However, whether or not subjects follow the gaze of others to detect environmental effects depends on the paradigm used to test gaze-following abilities. While several species have been shown to successfully follow another's gaze into distant space (e.g. ravens, Corvus corax [13], apes [7], domestic goats, Capra hircus [12], Northern bald ibises, Geronticus eremita [16]), only great apes [7] and two corvid species (ravens [13] and rooks, Corvus frugilegus [14]) have been reported to successfully follow another's gaze geometrically around a visual barrier e.g. by repositioning themselves to follow a gaze cue when faced with a barrier blocking their view. Two recent studies, for example, reported negative results for geometrical gaze following in the bald ibis [16] and the common marmoset, Callithrix jacchus [17].

This mosaic of results is strongly connected to theoretical considerations concerning the underlying cognitive mechanism of gaze following. Povinelli and Eddy [18] suggest that gaze following into distant space may be a socially facilitated orientation response (i.e. a predisposition to look where others are looking). This would probably require no more than an intrinsic tendency to co-orient with others, combined with associative learning [19], [20]. However, when faced with a barrier blocking their view, individuals need to reposition themselves to look behind the obstacle thus assessing the difference in visual perception between the cue-giver and themselves. This may either be achieved by mentally representing the looker's visual perspective [18] or by learning how visual barriers impair perceptions [19]. It has been hypothesized that especially species with high levels of cooperative and competitive interactions may develop the ability to track another's gaze around obstacles [21], whereas the capability to follow another's gaze into distant space is likely to be adaptive for most socially living vertebrates since it will allow detecting predators or food resources earlier e.g. [22], [23].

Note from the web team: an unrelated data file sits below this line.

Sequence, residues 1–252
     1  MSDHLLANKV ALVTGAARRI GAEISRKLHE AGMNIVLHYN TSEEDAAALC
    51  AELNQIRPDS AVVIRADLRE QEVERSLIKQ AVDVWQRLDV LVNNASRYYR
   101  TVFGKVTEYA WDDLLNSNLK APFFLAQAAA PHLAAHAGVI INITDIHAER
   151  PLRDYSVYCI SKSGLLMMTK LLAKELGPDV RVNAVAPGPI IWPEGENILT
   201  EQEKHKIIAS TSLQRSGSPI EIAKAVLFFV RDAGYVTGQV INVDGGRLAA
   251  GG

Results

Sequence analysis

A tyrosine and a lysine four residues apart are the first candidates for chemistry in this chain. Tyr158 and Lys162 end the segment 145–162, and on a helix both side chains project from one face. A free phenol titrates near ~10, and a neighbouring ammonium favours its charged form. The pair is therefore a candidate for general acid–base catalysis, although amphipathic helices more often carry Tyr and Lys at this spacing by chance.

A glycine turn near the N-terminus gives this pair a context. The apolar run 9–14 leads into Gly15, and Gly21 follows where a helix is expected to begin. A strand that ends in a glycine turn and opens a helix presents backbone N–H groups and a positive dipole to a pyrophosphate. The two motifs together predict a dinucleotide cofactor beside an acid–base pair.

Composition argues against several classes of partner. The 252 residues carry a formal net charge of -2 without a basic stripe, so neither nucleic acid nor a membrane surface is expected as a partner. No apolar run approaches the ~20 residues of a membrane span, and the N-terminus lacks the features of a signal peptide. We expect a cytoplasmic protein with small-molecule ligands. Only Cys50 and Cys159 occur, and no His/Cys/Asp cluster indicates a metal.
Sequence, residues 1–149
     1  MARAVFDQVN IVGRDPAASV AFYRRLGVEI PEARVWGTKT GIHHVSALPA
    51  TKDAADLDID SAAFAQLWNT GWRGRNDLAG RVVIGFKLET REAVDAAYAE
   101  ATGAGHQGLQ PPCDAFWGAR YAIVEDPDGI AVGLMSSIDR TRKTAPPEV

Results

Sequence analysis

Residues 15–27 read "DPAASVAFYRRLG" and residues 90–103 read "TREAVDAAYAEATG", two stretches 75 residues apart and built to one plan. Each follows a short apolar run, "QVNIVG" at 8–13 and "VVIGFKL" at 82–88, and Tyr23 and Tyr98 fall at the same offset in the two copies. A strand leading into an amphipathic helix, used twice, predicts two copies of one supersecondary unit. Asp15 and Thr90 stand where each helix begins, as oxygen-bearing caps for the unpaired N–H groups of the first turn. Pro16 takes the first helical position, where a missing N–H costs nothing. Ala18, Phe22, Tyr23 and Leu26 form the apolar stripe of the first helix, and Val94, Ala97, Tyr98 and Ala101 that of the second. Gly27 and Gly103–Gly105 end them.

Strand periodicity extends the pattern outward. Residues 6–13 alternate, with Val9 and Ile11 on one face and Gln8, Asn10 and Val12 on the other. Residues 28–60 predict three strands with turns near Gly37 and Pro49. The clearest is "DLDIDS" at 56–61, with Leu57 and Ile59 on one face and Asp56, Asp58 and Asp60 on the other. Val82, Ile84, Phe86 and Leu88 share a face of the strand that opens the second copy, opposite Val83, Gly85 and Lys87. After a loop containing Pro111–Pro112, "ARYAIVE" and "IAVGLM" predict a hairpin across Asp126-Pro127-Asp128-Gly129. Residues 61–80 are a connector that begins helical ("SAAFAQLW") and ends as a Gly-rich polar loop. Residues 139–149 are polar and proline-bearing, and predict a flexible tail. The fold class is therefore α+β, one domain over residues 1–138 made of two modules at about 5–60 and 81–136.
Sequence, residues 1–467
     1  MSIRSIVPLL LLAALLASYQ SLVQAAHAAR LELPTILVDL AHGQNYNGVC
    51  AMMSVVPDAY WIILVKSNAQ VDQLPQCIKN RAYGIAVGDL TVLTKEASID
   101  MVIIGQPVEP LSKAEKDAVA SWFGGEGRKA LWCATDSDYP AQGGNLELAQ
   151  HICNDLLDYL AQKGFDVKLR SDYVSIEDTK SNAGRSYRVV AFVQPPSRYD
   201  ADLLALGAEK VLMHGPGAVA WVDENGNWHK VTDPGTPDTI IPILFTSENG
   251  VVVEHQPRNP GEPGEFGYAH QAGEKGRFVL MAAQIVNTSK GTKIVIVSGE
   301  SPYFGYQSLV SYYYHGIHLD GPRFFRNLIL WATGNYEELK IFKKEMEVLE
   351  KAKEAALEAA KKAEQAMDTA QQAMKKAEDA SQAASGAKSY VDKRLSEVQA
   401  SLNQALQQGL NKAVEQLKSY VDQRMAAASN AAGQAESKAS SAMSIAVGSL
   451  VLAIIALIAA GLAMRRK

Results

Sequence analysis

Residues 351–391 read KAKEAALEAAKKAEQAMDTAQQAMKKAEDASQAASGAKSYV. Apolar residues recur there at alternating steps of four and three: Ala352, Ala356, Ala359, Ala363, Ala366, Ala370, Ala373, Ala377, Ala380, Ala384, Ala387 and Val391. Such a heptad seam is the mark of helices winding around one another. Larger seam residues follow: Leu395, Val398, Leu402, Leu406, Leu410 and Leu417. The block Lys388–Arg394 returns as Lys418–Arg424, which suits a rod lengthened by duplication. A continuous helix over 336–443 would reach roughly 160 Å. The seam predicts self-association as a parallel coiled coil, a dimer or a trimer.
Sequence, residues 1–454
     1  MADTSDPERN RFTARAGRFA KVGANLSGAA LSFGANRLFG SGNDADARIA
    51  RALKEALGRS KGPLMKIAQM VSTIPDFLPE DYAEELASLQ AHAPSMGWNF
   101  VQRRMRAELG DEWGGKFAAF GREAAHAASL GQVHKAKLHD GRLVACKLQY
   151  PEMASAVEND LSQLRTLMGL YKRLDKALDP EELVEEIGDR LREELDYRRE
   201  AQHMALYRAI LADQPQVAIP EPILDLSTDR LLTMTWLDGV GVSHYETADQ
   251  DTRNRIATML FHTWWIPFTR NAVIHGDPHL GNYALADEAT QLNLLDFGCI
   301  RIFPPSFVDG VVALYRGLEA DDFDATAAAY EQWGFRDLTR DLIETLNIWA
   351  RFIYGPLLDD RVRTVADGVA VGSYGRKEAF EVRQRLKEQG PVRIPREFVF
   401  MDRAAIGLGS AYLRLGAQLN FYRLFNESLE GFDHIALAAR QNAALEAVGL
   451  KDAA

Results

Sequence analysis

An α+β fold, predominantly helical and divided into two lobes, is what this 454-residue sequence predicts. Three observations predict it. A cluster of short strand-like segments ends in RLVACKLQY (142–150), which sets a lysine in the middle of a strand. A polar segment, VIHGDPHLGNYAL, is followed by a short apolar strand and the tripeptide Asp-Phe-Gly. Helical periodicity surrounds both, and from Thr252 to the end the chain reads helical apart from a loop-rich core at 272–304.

Results on the development of gaze following abilities as well on habituating to others' gaze cues seem to have confirmed that the two different modes of gaze following (into distant space and behind barriers) may reflect different cognitive mechanisms [18], [19]. First, developmental data showed that ravens responded to others' gazing into distant space soon after fledging but could track the experimenter's gaze behind a visual barrier only 4 months later [21]. This suggests that following another's gaze into distant space may be a predisposition to respond to the visual behavior of others, which after being shaped by learning may allow for gaze following around the barrier later in development (‘low-level model’ [18]; ‘orienting-response model’ [24]). Second, the authors found that ravens also stopped responding to gaze cues that did not target anything of interest. The same rapid habituation has also been found in several primate species at least when testing adult animals [25]; but see [10]. Interestingly, while the ravens quickly ceased responding to the model's repeated gaze cues into distant space, they did not habituate to repeated gaze cues directed behind a barrier. This differential habituation pattern of the two modes of gaze following suggests again that they rely on different cognitive mechanisms. Beyond habituation, a flexible deployment of gaze following is demonstrated by animals when readily following the gaze of not only conspecifics but also of human partners. Primates as well as ravens that grew up close to humans and regularly interacted with their handlers have been found to follow human gaze, though in ravens this ability developed later than following the gaze of conspecifics [7], [21]. To date, nothing is known about the development, the generalizability to humans and the habituation pattern of gaze following behind barriers in any mammalian species, which would be needed to better understand the cognitive mechanisms underlying the two modes of gaze following.